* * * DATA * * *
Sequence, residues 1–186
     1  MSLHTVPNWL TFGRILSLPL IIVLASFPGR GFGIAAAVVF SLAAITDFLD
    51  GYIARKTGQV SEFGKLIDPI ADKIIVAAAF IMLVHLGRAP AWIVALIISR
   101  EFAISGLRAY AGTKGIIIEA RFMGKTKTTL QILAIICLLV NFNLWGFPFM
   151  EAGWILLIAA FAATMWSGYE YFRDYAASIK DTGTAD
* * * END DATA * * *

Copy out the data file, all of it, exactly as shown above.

Sequence, residues 1–186
     1  MSLHTVPNWL TFGRILSLPL IIVLASFPGR GFGIAAAVVF SLAAITDFLD
    51  GYIARKTGQV SEFGKLIDPI ADKIIVAAAF IMLVHLGRAP AWIVALIISR
   101  EFAISGLRAY AGTKGIIIEA RFMGKTKTTL QILAIICLLV NFNLWGFPFM
   151  EAGWILLIAA FAATMWSGYE YFRDYAASIK DTGTAD